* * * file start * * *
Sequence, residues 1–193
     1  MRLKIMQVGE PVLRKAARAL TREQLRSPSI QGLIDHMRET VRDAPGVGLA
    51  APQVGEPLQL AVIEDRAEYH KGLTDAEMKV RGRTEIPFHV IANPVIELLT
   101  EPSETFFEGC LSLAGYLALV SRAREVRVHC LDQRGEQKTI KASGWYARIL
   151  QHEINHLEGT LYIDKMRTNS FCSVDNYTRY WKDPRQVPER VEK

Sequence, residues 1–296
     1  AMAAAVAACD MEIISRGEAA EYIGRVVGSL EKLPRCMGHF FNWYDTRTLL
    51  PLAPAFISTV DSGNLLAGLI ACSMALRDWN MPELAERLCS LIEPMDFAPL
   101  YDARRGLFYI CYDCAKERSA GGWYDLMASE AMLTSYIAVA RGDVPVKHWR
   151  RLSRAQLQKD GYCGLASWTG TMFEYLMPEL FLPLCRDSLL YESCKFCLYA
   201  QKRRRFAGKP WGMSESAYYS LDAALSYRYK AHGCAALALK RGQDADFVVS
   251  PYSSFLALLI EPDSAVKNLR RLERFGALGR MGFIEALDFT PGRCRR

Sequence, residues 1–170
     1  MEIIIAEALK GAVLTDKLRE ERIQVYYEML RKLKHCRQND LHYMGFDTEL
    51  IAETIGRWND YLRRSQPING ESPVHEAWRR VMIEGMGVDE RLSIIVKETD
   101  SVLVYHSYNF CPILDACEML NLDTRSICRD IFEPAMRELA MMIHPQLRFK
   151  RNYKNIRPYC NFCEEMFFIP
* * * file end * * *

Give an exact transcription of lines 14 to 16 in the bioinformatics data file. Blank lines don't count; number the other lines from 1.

     1  MEIIIAEALK GAVLTDKLRE ERIQVYYEML RKLKHCRQND LHYMGFDTEL
    51  IAETIGRWND YLRRSQPING ESPVHEAWRR VMIEGMGVDE RLSIIVKETD
   101  SVLVYHSYNF CPILDACEML NLDTRSICRD IFEPAMRELA MMIHPQLRFK